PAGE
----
Constraint Satisfaction 101 Foundations of Constraint Processing CSCE421/821, Fall 2005: www.cse.unl.edu/~choueiry/F05-421-821/ Berthe Y. Choueiry (Shu-we-ri) AVH 123B choueiry@cse.unl.edu Tel: +1(402)472-5444 Foundations of Constraint Processing, Fall 2005 Aug 25, 2005 Overview 1 1 Outline Motivating example, application areas CSP: Definition, representation Some simple modeling examples More on definition and formal characterization Basic solving techniques (Implementing backtrack search) Advanced solving techniques Issues & research directions Foundations of Constraint Processing, Fall 2005 Aug 25, 2005 Overview 1 2 Motivating example • Context: You are a senior in college • Problem: You need to register in 4 courses for the Spring semester • Possibilities: Many courses offered in Math, CSE, EE, CBA, etc. • Constraints: restrict the choices you can make – Unary: Courses have prerequisites you have/don't have Courses/instructors you like/dislike – Binary: Courses are scheduled at the same time – n-ary: In CE: 4 courses from 5 tracks such as at least 3 tracks are covered • You have choices, but are restricted by constraints – Make the right decisions!! Foundations of Constraint Processing, Fall 2005 Aug 25, 2005 Overview 1 3 Motivating example (cont’d) • Given – A set of variables: 4 courses at UNL – For each variable, a set of choices (values) – A set of constraints that restrict the combinations of values the variables can take at the same time • Questions – Does a solution exist? (classical decision problem) – How two or more solutions differ? How to change specific choices without perturbing the solution? – If there is no solution, what are the sources of conflicts? Which constraints should be retracted? – etc. Foundations of Constraint Processing, Fall 2005 Aug 25, 2005 Overview 1 4 Practical applications Adapted from E.C. Freuder • • • • • • • • • • • • Radio resource management (RRM) Databases (computing joins, view updates) Temporal and spatial reasoning Planning, scheduling, resource allocation Design and configuration Graphics, visualization, interfaces Hardware verification and software engineering HC Interaction and decision support Molecular biology Robotics, machine vision and computational linguistics Transportation Qualitative and diagnostic reasoning Foundations of Constraint Processing, Fall 2005 Aug 25, 2005 Overview 1 5 Constraint Processing • is about ... – Solving a decision problem… – … While allowing the user to state arbitrary constraints in an expressive way and – Providing concise and high-level feedback about alternatives and conflicts • Related areas: – AI, OR, Algorithmic, DB, TCS, Prog. Languages, etc. Foundations of Constraint Processing, Fall 2005 Aug 25, 2005 Overview 1 6 Power of Constraints Processing • Flexibility & expressiveness of representations • Interactivity users can relax reinforce constraints Foundations of Constraint Processing, Fall 2005 Aug 25, 2005 Overview 1 7 Outline Motivating example, application areas CSP: Definition, representation Some simple modeling examples More on definition and formal characterization Basic solving techniques Foundations of Constraint Processing, Fall 2005 Aug 25, 2005 Overview 1 8 Defining a problem • General template of any computational problem – Given: • Example: a set of objects, their relations, etc. – Query/Question: • Example: Find x such that the condition y is satisfied • How about the Constraint Satisfaction Problem? Foundations of Constraint Processing, Fall 2005 Aug 25, 2005 Overview 1 9 Definition of a CSP • Given P = (V, D, C ) – V is a set of variables, V V1 , V 2 , , V n – D is a set of variable domains (domain values) D DV 1 , DV 2 , , DV n – C is a set of constraints, C C 1 , C 2 , , C l with C V a ,V b ,..., V i ( x , y , , z ) D V a D V b D V i • Query: can we find a value for each variable such that all constraints are satisfied? Foundations of Constraint Processing, Fall 2005 Aug 25, 2005 Overview 1 10 Other queries… • • • • Find a solution Find all solutions Find the number of solutions Find a set of constraints that can be removed so that a solution exists • Etc. Foundations of Constraint Processing, Fall 2005 Aug 25, 2005 Overview 1 11 Representation I • Given P = (V, D, C ), where V V1 , V 2 , , V n D DV 1 , DV 2 , , DV n C C 1 , C 2 , , C l • Find a consistent assignment for variables Constraint Graph • Variable node (vertex) • Domain node label • Constraint arc (edge) between nodes Foundations of Constraint Processing, Fall 2005 Aug 25, 2005 Overview 1 12 Representation II • Given P = (V, D, C ), where V V1 , V 2 , , V n D DV 1 , DV 2 , , DV n C C 1 , C 2 , , C l Example I: V1 {1, 2, 3, 4} v1 < v2 { 3, 6, 7 } V2 v1+v3 < 9 • Define C ? v2 < v3 V3 { 3, 4, 9 } v2 > v4 { 3, 5, 7 } V4 Foundations of Constraint Processing, Fall 2005 Aug 25, 2005 Overview 1 13 Outline Motivating example, application areas CSP: Definition, representation Some simple modeling examples More on definition and formal characterization Basic solving techniques Foundations of Constraint Processing, Fall 2005 Aug 25, 2005 Overview 1 14 Example II: Temporal reasoning B A<B A [ 1.... 10 ] [ 5.... 18] B<C 2<C-A<5 [ 4.... 15] C • Give one solution: ……. • Satisfaction, yes/no: decision problem Foundations of Constraint Processing, Fall 2005 Aug 25, 2005 Overview 1 15 Example III: Map coloring Using 3 colors (R, G, & B), color the US map such that no two adjacent states have the same color • Variables? • Domains? • Constraints? Foundations of Constraint Processing, Fall 2005 Aug 25, 2005 Overview 1 16 Example III: Map coloring (cont’d) Using 3 colors (R, G, & B), color the US map such that no two adjacent states have the same color NE WY KS { red, green, blue } CO AR { red, green, blue } { red, green, blue } UT { red, green, blue } AZ OK NM LA TX Foundations of Constraint Processing, Fall 2005 Aug 25, 2005 Overview 1 17 Example IV: Resource Allocation { a, b, c } { a, b } { a, c, d } { b, c, d } What is the CSP formulation? Foundations of Constraint Processing, Fall 2005 Aug 25, 2005 Overview 1 18 Example IV: RA (cont’d) { a, b, c } { a, b } { a, c, d } { b, c, d } Constraint Graph T1 { R1, R3 } Interval Order T2 T3 { R1, R3 } T1 { R1, R3 } { R1, R3, R4 } T4 { R1, R3 } { R1, R2, R3 } T5 { R2, R4 } T6 { R2, R4 } T7 T6 { R1, R2, R3 } { R1, R3 } T2 T4 T3 { R1, R3 } { R2, R4 } { R2, R4 } { R1, R2, R3 } T5 T7 Foundations of Constraint Processing, Fall 2005 Aug 25, 2005 Overview 1 19 Example V: Puzzle Given: • Four musicians: Fred, Ike, Mike, and Sal, play bass, drums, guitar and keyboard, not necessarily in that order. • They have 4 successful songs, ‘Blue Sky,’ ‘Happy Song,’ ‘Gentle Rhythm,’ and ‘Nice Melody.’ • Ike and Mike are, in one order or the other, the composer of ‘Nice Melody’ and the keyboardist. • etc ... Query: Who plays which instrument and who composed which song? Foundations of Constraint Processing, Fall 2005 Aug 25, 2005 Overview 1 20 Example V: Puzzle (cont’d) Formulation 1: • Variables: Bass, Drums, Guitar, Keyboard, Blue Sky, Happy Song Gentle Rhythm and Nice Melody. • Domains: Fred, Ike, Mike, Sal • Constraints: … Formulation 2: • Variables: Fred's-instrument, Ike's-instrument, …, Fred's-song, Ikes's-song, Mike’s-song, …, etc. • Domains: { bass, drums, guitar, keyboard } { Blue Sky, Happy Song, Gentle Rhythm, Nice Melody} • Constraints: … Foundations of Constraint Processing, Fall 2005 Aug 25, 2005 Overview 1 21 Example VI: Product Configuration Train, elevator, car, etc. Given: • Components and their attributes (variables) • Domain covered by each characteristic (values) • Relations among the components (constraints) • A set of required functionalities (more constraints) Find: a product configuration i.e., an acceptable combination of components that realizes the required functionalities Foundations of Constraint Processing, Fall 2005 Aug 25, 2005 Overview 1 22 Example VII: Cryptarithmetic puzzles • DX1 = DX2 = DX3 = {0,1} • DF=DT=DU=DW=DR=DO=[0,9] • • • • • O+O = R+10X1 X1+W+W = U+10X2 X2+ T+T = O + 10X3 X3=F Alldiff({F,D,U,V,R,O}) Foundations of Constraint Processing, Fall 2005 Aug 25, 2005 Overview 1 23 Constraint types: examples • Example I: algebraic constraints V1 v1 < v2 {1, 2, 3, 4} v1+v3 < 9 { 3, 6, 7 } V2 v2 > v4 v2 < v3 V3 { 3, 4, 9 } • Example II: (algebraic) constraints of bounded difference { 3, 5, 7 } V4 B A<B A [ 5.... 18] [ 1.... 10 ] 2<C-A<5 B<C [ 4.... 15] C • Example III & IV: coloring, mutual exclusion, difference constraints Constraint Graph NE T1 WY { R1, R3 } KS { red, green, blue } CO { red, green, blue } OK NM { R1, R3 } { red, green, blue } AZ { R2, R4 } { red, green, blue } T3 LA T6 { R1, R2, R3 } AR UT T4 { R1, R2, R3 } { R1, R3 } { R2, R4 } T5 T7 TX • Example V & VI: elements of C must be made explicit Foundations of Constraint Processing, Fall 2005 Aug 25, 2005 Overview 1 24 More examples • Example VII: Databases – Join operation in relational DB is a CSP – View materialization is a CSP • Example VIII: Interactive systems – Data-flow constraints – Spreadsheets – Graphical layout systems and animation – Graphical user interfaces • Example IX: Molecular biology (bioinformatics) – Threading, etc Foundations of Constraint Processing, Fall 2005 Aug 25, 2005 Overview 1 25 Outline Motivating example, application areas CSP: Definition, representation Some simple modeling examples More on definition and formal characterization Basic solving techniques Foundations of Constraint Processing, Fall 2005 Aug 25, 2005 Overview 1 26 Representation (again) Macrostructure G(P): V1 - constraint graph for binary constraints - constraint network for non-binary constraints V2 a, c (V1, a ) Micro-structure (P): (V2, a ) (V2, c) (V1, a ) Co-microstructure co-(P): (V2, a ) (V2, c) a, b b, c V3 (V1, b) (V3, b ) (V1, b) (V3, b ) (V3, c) no goods (V3, c) Foundations of Constraint Processing, Fall 2005 Aug 25, 2005 Overview 1 27 Constraint arity I • Given P = (V, D, C ) , where V V1 , V 2 , , V n D DV 1 , DV 2 , , DV n C C 1 , C 2 , , C l V1 {1, 2, 3, 4} v1 < v2 { 3, 6, 7 } V2 v1+v3 < 9 v2 < v3 V3 { 3, 4, 9 } v2 > v4 { 3, 5, 7 } V4 • How to represent the constraint V1 + V2 + V4 < 10 ? Foundations of Constraint Processing, Fall 2005 Aug 25, 2005 Overview 1 28 Constraint arity II • Given P = (V, D, C ) , where V V1 , V 2 , , V n D DV 1 , DV 2 , , DV n C C 1 , C 2 , , C l Constraints: universal, unary, binary, ternary, … , global. V1 A Constraint Network: v1 < v2 { 3, 6, 7 } { 1, 2, 3, 4 } v1+v3 < 9 v2 < v3 { 3, 4, 9 } V2 v1+v2+V 4 < 10 v2 > v4 { 3, 5, 7 } V 4 V3 Foundations of Constraint Processing, Fall 2005 Aug 25, 2005 Overview 1 29 Domain types • P = (V, D, C ) where V V1 , V 2 , , V n D DV 1 , DV 2 , , DV n C C 1 , C 2 , , C l with C V k ,V l ,..., V m ( x , y , , z ) D V k D V l D V m • Domains: – Restricted to {0,1}: Boolean CSPs – Finite (discrete), enumeration works – Continuous, sophisticated algebraic techniques are needed • Consistency techniques on domain bounds Foundations of Constraint Processing, Fall 2005 Aug 25, 2005 Overview 1 30 Constraint terminology • Arity: – universal, unary, binary, ternary, …, global • Scope: – The set of variables to which the constraint applies • Definition: – Extension: all allowed tuples are listed – Constrained Decision Diagrams ([Cheng & Yap, AAAI 05]) – Intention: when it is not practical (or even possible) to list all tuples • Define types/templates of common constraints to be used repeatedly: linear constraints, All-Diff (mutex), Atmost, TSPconstraint, cycle-constraint, etc.) • Implementation: – predicate, set of tuples (list or table), binary matrix (bit-matrix), etc. Foundations of Constraint Processing, Fall 2005 Aug 25, 2005 Overview 1 31 Complexity of CSP Characterization: – Decision problem – In general, NP-complete by reduction from 3SAT Foundations of Constraint Processing, Fall 2005 Aug 25, 2005 Overview 1 32 Proving NP-completeness 1. Show that 1 is in NP 2. Given a problem 1 in NP, show that an known NP-complete problem 2 can be efficiently reduced to 1 – – – Select a known NP-complete problem 2 (e.g., SAT) Construct a transformation f from 2 to 1 Prove that f is a polynomial transformation (Check Chapter 3 of Garey & Johnson) Foundations of Constraint Processing, Fall 2005 Aug 25, 2005 Overview 1 33 What is SAT? Given a sentence: – Sentence: conjunction of clauses – Clause: disjunction of literals c 2 c 3 – Literal: a term or its negation c1 , c 6 – Term: Boolean variable c1 1 c1 0 c1 c 4 c 5 c 6 c 2 c 3 c 4 Question: Find an assignment of truth values to the Boolean variables such the sentence is satisfied. Foundations of Constraint Processing, Fall 2005 Aug 25, 2005 Overview 1 34 CSP is NP-Complete • Verifying that an assignment for all variables is a solution – Provided constraints can be checked in polynomial time • Reduction from 3SAT to CSP – Many such reductions exist in the literature (perhaps 7 of them) Foundations of Constraint Processing, Fall 2005 Aug 25, 2005 Overview 1 35 Problem reduction Example: CSP into SAT (proves nothing, just an exercise) Notation: variable-value pair = vvp • vvp term – V1 = {a, b, c, d} yields x1 = (V1, a), x2 = (V1, b), x3 = (V1, c), x4 = (V1, d), – V2 = {a, b, c} yields x5 = (V2, a), x6 = (V2, b), x7 = (V2,c). • The vvp’s of a variable disjunction of terms – V1 = {a, b, c, d} yields x1 x 2 x 3 x 4 • (Optional) At most one VVP per variable x1 x 2 x 3 x 4 x1 x 2 x 3 x 4 x1 x 2 x 3 x 4 x1 x 2 x 3 x 4 Foundations of Constraint Processing, Fall 2005 Aug 25, 2005 Overview 1 36 CSP into SAT (cont.) Constraint: 1. Way 1: Each inconsistent tuple one disjunctive clause – 2. C V1V 2 {( a , a ), ( a , b ), ( b , c ), ( c , b ), ( d , a )} For example: x1 x 7 how many? Way 2: a) b) Consistent tuple conjunction of terms x1 x 5 Each constraint disjunction of these conjunctions x1 x 5 x1 x 6 x 2 x 7 x3 x6 x 4 x5 transform into conjunctive normal form (CNF) Question: find a truth assignment of the Boolean variables such that the sentence is satisfied Foundations of Constraint Processing, Fall 2005 Aug 25, 2005 Overview 1 37 Outline Motivating example, application areas CSP: Definition, representation Some simple modeling examples More on definition and formal characterization Basic solving techniques • Modeling and consistency checking • Constructive, systematic search • Iterative improvement, local search Foundations of Constraint Processing, Fall 2005 Aug 25, 2005 Overview 1 38 How to solve a CSP? Search 1. Constructive, systematic 2. Iterative repair, local search Foundations of Constraint Processing, Fall 2005 Aug 25, 2005 Overview 1 39 Before starting search! Consider: • Importance of modeling/formulation: – To control the size of the search space • Preprocessing – A.k.a. constraint filtering/propagation, consistency checking – reduces size of search space Foundations of Constraint Processing, Fall 2005 Aug 25, 2005 Overview 1 40 Importance of modeling • N-queen: formulation 1 1 2 3 4 V1 – Variables? – Domains? – Size of CSP? V2 4 Rows 4 Column positions V3 4444 4 2 4 8 V4 • N-queens: formulation 2 V11 V12 V13 V14 – Variables? 16 Cells {0,1} – Domains? 16 – Size of CSP? 2 V21 V22 V23 V24 V31 V32 V33 V34 V41 V42 V43 V44 Foundations of Constraint Processing, Fall 2005 Aug 25, 2005 Overview 1 41 Constraint checking Arc-consistency B A< B A 1- B: [ 5 .. 14 ] 13 14 C: [ 6 .. 15 ] [ 5.... 18] B<C 2 [ 1.... 10 ] 2- A: [ 2 .. 10 ] C: [ 6 .. 14 ] 2<C -A<5 6 3- B: [ 5 .. 13 ] 14 [ 4.... 15] C Foundations of Constraint Processing, Fall 2005 Aug 25, 2005 Overview 1 42 Constraint checking Arc-consistency: every combination of two adjacent variables 3-consistency, k-consistency (k n) Constraint filtering, constraint checking, etc.. Eliminate non-acceptable tuples prior to search Warning: arc-consistency does not solve the problem B A { 1, 2, 3 } A { 2, 3 } { 2, 3, 4 } ( A 2 ) ( B 3) B { 2, 3 } still is not a solution! Foundations of Constraint Processing, Fall 2005 Aug 25, 2005 Overview 1 43 Systematic search Starting from a root node Consider all values for a variable V1 For every value for V1, consider all values for V2 etc.. S V ar 1 v1 v2 v3 v4 V ar 2 For n variables, each of domain size d Maximum depth? fixed! Maximum number of paths? size of search space, size of CSP Foundations of Constraint Processing, Fall 2005 Aug 25, 2005 Overview 1 44 Systematic search (I) Back-checking • Systematic search generates dn possibilities • Are all possibilities acceptable? S S V ar 1 v1 V ar 1 v1 v2 v3 v2 v3 v4 v4 V ar 2 V ar 2 Expand a partial solution only when it is consistent This yields early pruning of inconsistent paths Foundations of Constraint Processing, Fall 2005 Aug 25, 2005 Overview 1 45 Systematic search (II) Chronological backtracking What if only one solution is needed? S S Var 1 V ar 1 v1 v2 v3 v1 v2 v4 V ar 2 • Depth-first search & Chronological backtracking • DFS: Soundness? Completeness? Foundations of Constraint Processing, Fall 2005 Aug 25, 2005 Overview 1 46 Systematic search (III) Intelligent backtracking What if the reason for failure was higher up in the tree? Backtrack to source of conflict !! S Var 1 v1 S v2 V ar 1 v1 v2 Backjumping, conflict-directed backjumping, etc. Foundations of Constraint Processing, Fall 2005 Aug 25, 2005 Overview 1 47 Systematic search (IV) Ordering heuristics • Which variable to expand first? Exp : V1 , V 2 , D V1 { a , b , c , d }, D V 2 { a , b } Sol : {( V 1 c ), (V 2 a )} and {( V 1 c ), (V 2 b )} s V1 • Heuristics: V2 a a s b b a c b a V2 d b V1 a a b b c d – most constrained variable first (reduce branching factor) – most promising value first (find quickly first solution) Strategies variable ordering static for could be value ordering dynamic Foundations of Constraint Processing, Fall 2005 Aug 25, 2005 Overview 1 48 Systematic search (V) Back-checking • Search tree with only backtrack search? Root node Q Q Q Q 2 1 Q Q 1 2 3 4 1 2 3 4 1 2 3 4 Q 1 2 3 4 1 2 3 4 1 1 2 3 Solution! 26 nodes visited. Foundations of Constraint Processing, Fall 2005 Aug 25, 2005 Overview 1 49 Systematic search (VI) Forward checking Search Tree with domains filter by Forward Check Root node Q Q Q 2 1 Q Q Q Q 3 4 4 Domain 2 Wipe Out V3 Domain Wipe Out V4 1 3 Solution! 8 nodes visited. Foundations of Constraint Processing, Fall 2005 Aug 25, 2005 Overview 1 50 Improving BT search • General purpose methods for 1. Variable, value ordering 2. Improving backtracking: intelligent backtracking avoids repeating failure 3. Look-ahead techniques: propagate constraints as variables are instantiated Foundations of Constraint Processing, Fall 2005 Aug 25, 2005 Overview 1 51 Search-tree branching • K-way branching – One branch for every value in the domain • Binary branching – One branch for the first value – One branch for all the remaining values in the domain – Used in commercial constraint solvers: ILOG, Eclipse • Have different behaviors (e.g., WRT value ordering heuristics [Smith, IJCAI 95]) Foundations of Constraint Processing, Fall 2005 Aug 25, 2005 Overview 1 52 Summary of backtrack search • Constructive, systematic, exhaustive – In general sound and complete • Back-checking: expands nodes consistent with past • Backtracking: Chronological vs. intelligent • Ordering heuristics: – Static – Dynamic variable – Dynamic variable-value pairs • Looking ahead: – Partial look-ahead • Forward checking (FC) • Directional arc-consistency (DAC) – Full (a.k.a. Maintaining Arc-consistency or MAC) Foundations of Constraint Processing, Fall 2005 Aug 25, 2005 Overview 1 53 CSP: a decision problem (NP-complete) 1. 2. Modeling: abstraction and reformulation Preprocessing techniques: • 3. eliminate non-acceptable tuples prior to search Systematic search: • • • • potentially dn paths of fixed lengths chronological backtracking intelligent backtracking variable/value ordering heuristics Search ‘hybrids:’ 4. • Mixing consistency checking with search: look-ahead strategies Foundations of Constraint Processing, Fall 2005 Aug 25, 2005 Overview 1 54 Non-systematic search • Iterative repair, local search: modifies a global but inconsistent solution to decrease the number of violated constraints • Examples: Hill climbing, taboo search, simulated annealing, GSAT, WalkSAT, Genetic Algorithms, Swarm intelligence, etc. • Features: Incomplete & not sound – Advantage: anytime algorithm – Shortcoming: cannot tell that no solution exists Foundations of Constraint Processing, Fall 2005 Aug 25, 2005 Overview 1 55 Outline of CSP 101 • We have seen Motivating example, application areas CSP: Definition, representation Some simple modeling examples More on definition and formal characterization Basic solving techniques • We will move to (Implementing backtrack search) Advanced solving techniques Issues & research directions Foundations of Constraint Processing, Fall 2005 Aug 25, 2005 Overview 1 56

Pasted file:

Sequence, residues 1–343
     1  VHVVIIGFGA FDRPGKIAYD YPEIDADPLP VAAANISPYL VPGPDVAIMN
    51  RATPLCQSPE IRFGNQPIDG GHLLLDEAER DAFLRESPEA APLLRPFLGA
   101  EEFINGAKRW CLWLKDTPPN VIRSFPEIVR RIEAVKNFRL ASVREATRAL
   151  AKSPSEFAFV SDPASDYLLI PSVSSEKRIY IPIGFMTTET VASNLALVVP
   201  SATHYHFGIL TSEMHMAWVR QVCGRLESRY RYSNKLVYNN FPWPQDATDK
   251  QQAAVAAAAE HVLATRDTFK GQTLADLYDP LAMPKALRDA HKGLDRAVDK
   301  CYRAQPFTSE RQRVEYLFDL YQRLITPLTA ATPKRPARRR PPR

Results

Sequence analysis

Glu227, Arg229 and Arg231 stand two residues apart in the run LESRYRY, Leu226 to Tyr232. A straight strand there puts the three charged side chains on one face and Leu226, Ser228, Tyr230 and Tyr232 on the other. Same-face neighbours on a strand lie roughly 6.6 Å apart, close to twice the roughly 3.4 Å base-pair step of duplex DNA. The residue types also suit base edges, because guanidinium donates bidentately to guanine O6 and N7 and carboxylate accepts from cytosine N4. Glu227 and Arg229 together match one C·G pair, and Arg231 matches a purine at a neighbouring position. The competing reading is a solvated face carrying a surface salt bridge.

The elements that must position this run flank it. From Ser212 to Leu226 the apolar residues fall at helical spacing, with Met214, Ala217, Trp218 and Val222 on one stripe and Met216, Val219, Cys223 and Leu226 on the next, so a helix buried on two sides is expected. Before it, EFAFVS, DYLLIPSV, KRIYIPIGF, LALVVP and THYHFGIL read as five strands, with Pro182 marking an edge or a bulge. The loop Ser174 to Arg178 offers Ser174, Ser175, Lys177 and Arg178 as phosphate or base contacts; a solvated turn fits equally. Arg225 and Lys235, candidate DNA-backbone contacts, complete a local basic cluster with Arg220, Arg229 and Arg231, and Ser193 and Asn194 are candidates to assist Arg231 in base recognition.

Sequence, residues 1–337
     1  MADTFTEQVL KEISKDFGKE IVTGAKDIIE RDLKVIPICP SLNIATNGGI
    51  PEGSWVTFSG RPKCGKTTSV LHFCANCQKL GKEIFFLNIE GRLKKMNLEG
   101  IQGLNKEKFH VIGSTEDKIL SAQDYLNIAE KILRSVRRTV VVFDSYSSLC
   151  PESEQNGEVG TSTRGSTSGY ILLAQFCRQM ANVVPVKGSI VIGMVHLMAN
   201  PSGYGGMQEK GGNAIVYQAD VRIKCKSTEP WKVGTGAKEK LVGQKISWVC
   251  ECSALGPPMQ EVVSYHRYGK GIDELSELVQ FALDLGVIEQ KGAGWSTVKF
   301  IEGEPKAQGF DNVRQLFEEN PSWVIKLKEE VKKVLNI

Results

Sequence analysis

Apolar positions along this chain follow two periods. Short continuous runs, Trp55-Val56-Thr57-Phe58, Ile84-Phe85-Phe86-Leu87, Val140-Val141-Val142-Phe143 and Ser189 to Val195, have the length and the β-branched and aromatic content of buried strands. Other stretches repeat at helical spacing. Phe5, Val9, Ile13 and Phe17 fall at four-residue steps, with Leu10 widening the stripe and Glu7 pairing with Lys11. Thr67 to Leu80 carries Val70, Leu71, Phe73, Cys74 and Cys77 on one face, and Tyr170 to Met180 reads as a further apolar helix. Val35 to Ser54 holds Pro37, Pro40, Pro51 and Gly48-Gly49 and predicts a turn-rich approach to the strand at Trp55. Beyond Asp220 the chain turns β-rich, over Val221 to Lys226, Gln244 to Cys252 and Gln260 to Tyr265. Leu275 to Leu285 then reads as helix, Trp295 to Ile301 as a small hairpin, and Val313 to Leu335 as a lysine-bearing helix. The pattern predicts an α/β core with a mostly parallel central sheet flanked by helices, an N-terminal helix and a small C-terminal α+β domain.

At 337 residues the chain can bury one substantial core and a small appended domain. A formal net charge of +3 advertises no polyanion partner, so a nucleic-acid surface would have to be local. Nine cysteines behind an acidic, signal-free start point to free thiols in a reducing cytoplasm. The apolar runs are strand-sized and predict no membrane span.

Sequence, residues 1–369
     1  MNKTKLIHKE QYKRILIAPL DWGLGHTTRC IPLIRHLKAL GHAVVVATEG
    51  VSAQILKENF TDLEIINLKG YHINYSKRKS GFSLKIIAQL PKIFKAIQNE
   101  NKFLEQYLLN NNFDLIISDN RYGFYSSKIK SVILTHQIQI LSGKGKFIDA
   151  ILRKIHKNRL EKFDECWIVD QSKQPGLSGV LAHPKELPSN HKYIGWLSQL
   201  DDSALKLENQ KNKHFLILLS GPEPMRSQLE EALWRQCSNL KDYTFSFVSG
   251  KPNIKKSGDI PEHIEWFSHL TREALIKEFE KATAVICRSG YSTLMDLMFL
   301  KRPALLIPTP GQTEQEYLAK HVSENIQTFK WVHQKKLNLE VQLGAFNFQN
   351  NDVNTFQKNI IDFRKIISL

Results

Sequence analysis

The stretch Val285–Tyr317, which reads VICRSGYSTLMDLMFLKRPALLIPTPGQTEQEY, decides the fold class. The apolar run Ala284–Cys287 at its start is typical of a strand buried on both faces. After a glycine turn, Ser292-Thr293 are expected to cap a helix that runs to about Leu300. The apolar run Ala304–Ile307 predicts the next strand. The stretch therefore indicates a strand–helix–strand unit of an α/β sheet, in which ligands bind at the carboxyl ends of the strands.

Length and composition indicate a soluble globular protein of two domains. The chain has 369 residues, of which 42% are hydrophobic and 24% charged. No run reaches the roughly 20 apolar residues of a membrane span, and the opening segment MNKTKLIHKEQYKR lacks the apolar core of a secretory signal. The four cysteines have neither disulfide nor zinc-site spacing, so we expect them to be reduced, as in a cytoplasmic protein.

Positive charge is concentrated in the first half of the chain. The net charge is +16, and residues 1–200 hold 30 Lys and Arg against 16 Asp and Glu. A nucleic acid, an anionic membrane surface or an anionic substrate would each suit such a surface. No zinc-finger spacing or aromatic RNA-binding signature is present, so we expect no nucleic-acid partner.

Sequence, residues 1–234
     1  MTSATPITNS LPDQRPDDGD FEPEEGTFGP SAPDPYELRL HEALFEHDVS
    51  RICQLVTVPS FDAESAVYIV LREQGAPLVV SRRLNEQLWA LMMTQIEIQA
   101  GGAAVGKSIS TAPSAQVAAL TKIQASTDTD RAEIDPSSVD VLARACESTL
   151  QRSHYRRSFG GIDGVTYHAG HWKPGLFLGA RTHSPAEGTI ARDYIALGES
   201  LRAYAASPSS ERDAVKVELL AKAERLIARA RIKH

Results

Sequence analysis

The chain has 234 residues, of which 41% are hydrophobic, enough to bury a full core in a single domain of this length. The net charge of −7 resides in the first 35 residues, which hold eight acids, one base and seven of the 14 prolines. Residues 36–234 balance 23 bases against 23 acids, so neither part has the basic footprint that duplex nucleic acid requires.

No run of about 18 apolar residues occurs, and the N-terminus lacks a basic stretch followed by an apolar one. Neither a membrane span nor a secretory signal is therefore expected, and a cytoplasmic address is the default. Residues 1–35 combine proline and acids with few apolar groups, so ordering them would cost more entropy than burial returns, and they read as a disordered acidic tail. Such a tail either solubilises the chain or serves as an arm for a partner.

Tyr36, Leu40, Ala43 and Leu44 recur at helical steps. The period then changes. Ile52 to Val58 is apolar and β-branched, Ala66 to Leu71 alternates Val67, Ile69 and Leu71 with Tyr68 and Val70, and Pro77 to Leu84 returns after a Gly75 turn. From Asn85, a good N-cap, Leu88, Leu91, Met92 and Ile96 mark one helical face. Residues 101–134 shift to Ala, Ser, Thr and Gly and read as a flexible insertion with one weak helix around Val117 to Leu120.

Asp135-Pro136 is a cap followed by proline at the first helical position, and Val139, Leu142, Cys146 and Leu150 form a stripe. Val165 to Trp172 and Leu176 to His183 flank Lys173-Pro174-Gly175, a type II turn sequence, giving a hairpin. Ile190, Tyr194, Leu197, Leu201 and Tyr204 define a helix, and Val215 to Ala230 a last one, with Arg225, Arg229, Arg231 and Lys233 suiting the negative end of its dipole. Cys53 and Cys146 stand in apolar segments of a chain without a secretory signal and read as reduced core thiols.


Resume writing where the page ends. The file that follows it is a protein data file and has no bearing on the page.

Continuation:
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# Foundations of Constraint Processing CSCE421/821, Fall …